Most impressive of all, the study found that surveyed organizations that both had an incident response team and tested their incident response plan had an average total cost of $3.51 million, while surveyed organizations that did not have an incident response team and did not test their incident response plan had an average total cost of $4.74 million.

That’s a cost savings of $1.23 million, a 35 percent reduction. My takeaway from this finding is that having an incident response team and an incident response plan is the baseline. To really cut the time to respond to and contain a breach — and therefore cut the total cost of a breach — you should run through your playbook over and over again until it becomes ingrained in your team’s muscle memory.

Steps to Help Improve Incident Response and Minimize Financial Impacts

Prevention is not always possible, so preparation and planning are essential to help minimize the fallout of a cyber incident. I suggest the following five ways to help cut down on your response time and minimize the financial and reputational damages of a data breach.

1. Put Your Incident Response Team and Plan to the Test

The effectiveness of your incident response depends on building your plan, testing it, finding what’s not effective and adjusting your plan accordingly. But your plan is only as good as the people executing it. Teams need to practice leadership, communication and decision-making skills to handle the toughest situations. Tabletop exercises help, but teams might have more success building their emotional and physical response capabilities in a simulated environment, such as a cyber range.

2. Invest in Technologies to Help Improve Your Ability to Rapidly Detect and Contain a Breach

As much as possible, you should automate your response through technologies, including enterprise detection and response tools that can assist with automating orchestration. The “Cost of a Data Breach Report” found that security automation helped reduce the cost of a data breach for organizations surveyed by as much as 50 percent. Organizations with security automation fully deployed had an average data breach cost of $2.65 million in 2019, whereas organizations without security automation deployed had an average cost of $5.16 million.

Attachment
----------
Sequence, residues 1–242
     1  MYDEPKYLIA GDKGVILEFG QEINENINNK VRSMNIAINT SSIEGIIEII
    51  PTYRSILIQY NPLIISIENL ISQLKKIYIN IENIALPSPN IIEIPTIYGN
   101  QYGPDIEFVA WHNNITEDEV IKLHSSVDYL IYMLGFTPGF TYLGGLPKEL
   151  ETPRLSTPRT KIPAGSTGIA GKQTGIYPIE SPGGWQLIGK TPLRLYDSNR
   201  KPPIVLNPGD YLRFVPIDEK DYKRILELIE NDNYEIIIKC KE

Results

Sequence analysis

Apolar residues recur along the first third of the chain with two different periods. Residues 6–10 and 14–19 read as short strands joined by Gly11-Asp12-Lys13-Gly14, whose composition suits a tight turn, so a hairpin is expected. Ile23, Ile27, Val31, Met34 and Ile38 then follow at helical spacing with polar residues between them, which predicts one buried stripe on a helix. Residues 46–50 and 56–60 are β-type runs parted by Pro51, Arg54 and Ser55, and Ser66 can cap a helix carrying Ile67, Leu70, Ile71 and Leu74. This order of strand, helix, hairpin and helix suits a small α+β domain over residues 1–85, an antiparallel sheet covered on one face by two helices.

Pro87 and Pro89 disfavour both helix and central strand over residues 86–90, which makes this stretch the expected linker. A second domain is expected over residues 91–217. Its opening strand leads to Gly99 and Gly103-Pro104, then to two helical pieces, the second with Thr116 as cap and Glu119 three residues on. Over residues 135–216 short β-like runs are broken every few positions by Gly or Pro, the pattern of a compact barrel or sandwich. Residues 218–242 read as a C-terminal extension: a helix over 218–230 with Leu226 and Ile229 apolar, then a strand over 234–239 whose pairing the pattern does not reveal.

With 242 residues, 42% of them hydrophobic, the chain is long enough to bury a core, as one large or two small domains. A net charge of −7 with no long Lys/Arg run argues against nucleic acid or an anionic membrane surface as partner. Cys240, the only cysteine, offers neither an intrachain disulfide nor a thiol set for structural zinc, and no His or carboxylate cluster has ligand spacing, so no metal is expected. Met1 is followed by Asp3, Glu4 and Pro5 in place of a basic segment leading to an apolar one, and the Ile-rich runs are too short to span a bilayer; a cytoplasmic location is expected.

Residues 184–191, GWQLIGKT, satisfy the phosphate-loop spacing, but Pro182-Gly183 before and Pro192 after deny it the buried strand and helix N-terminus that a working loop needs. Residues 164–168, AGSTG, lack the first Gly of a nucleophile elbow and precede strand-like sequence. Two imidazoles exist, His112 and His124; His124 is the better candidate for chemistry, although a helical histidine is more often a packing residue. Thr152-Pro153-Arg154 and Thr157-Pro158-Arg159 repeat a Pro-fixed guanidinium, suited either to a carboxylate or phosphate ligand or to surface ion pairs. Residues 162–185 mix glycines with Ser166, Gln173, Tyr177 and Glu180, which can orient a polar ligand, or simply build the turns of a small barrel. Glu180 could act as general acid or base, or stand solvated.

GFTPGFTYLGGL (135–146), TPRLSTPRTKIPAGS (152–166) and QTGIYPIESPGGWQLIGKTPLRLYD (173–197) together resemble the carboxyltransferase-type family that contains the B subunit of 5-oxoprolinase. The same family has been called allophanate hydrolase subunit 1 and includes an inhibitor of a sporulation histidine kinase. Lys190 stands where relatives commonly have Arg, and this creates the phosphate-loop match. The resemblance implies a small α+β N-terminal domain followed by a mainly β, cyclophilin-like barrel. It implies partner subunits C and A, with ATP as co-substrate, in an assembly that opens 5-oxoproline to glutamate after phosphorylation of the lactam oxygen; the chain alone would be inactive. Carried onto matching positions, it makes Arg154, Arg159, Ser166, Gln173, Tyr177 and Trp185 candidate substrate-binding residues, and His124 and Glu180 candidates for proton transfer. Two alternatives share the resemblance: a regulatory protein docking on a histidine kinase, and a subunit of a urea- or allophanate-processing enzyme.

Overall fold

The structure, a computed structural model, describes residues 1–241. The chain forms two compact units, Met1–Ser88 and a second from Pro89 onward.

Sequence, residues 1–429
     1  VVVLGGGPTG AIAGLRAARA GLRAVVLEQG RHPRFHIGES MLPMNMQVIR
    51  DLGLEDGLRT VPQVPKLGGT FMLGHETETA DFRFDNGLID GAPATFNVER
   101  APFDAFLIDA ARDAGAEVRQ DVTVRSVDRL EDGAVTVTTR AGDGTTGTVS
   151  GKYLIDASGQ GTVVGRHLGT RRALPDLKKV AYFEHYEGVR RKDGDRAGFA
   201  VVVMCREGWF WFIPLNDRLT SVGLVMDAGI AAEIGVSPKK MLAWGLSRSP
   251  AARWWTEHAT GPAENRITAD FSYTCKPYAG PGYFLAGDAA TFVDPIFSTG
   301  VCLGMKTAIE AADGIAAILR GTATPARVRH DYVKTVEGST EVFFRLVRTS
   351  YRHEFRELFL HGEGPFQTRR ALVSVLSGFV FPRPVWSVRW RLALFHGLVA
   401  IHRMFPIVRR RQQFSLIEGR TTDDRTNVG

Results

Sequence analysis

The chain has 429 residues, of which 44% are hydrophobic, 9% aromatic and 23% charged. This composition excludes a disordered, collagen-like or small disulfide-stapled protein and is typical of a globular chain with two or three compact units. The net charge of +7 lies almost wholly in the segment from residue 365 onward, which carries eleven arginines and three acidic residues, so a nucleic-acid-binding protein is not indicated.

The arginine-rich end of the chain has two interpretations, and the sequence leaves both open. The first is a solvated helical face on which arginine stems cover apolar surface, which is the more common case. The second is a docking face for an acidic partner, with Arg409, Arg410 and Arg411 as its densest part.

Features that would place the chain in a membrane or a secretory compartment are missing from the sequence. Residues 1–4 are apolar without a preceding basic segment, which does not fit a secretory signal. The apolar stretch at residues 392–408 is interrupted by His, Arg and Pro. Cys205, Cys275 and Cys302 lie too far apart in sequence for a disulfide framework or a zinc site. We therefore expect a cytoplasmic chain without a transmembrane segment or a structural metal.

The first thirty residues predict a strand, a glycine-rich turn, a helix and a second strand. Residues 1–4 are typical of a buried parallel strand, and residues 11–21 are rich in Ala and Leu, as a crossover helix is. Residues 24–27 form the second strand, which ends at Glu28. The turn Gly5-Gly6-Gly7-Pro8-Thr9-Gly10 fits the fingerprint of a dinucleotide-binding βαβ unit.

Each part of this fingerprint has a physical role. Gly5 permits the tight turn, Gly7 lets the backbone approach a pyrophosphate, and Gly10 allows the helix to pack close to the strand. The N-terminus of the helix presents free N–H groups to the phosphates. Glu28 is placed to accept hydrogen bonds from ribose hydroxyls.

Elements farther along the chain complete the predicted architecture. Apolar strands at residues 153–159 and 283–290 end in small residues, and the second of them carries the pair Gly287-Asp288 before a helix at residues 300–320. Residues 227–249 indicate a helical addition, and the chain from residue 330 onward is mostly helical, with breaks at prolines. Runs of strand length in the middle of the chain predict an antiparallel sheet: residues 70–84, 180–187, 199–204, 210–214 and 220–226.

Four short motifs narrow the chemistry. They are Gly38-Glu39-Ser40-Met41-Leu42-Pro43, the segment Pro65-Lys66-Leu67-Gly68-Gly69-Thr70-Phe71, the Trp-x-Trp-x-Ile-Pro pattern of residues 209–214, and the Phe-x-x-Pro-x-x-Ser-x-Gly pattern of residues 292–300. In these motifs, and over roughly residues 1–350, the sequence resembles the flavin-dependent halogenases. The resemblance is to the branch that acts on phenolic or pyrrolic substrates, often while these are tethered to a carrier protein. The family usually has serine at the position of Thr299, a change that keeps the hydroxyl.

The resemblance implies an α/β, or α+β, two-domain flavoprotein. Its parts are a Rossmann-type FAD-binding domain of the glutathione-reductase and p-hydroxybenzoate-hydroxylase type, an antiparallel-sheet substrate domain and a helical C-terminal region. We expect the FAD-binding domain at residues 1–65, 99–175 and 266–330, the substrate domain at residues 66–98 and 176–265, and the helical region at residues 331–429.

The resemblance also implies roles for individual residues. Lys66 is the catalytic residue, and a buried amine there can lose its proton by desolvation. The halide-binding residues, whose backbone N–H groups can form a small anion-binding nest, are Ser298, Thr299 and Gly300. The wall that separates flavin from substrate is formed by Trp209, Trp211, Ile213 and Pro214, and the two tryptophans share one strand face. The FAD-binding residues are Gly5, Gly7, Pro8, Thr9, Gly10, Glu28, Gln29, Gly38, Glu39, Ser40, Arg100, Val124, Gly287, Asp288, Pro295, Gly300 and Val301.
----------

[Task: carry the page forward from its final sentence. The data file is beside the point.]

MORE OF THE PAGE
3. Use Threat Intelligence to Understand Risks and Optimize Security

In the 2019 “Cost of a Data Breach Report,” 51 percent of breaches for surveyed organizations were caused by malicious or criminal attacks. Threat intelligence can help provide insights into the different motivations, capabilities and intentions of attackers, allowing you to understand your risks and make more efficient security investments.

4. Back Up Your Systems and Data and Have a Business Continuity Plan

Lost business was the biggest of four major cost categories studied in the 2019 data breach report — more expensive than detection and escalation, notification, and post-response costs such as legal costs. You don’t want to have the cost of a breach amplified by shutting down systems or having destructive attacks wipe out data or systems that are costly to recover. Organizations should store backups offline, inaccessible from primary systems, so attackers can’t compromise them.

5. When All Else Fails, Call the Experts

If your incident response team is underprepared or overwhelmed, consider evaluating incident response service providers who can step into the fray to help you handle a complex cyber incident such as a destructive attack. Incident response leaders can help you not only contain the attack, but also remediate and recover to help get your business running again. There’s no shame in asking for help when you really need it, especially considering the cost of a botched response.

Register to access the 2019 “Cost of a Data Breach Report”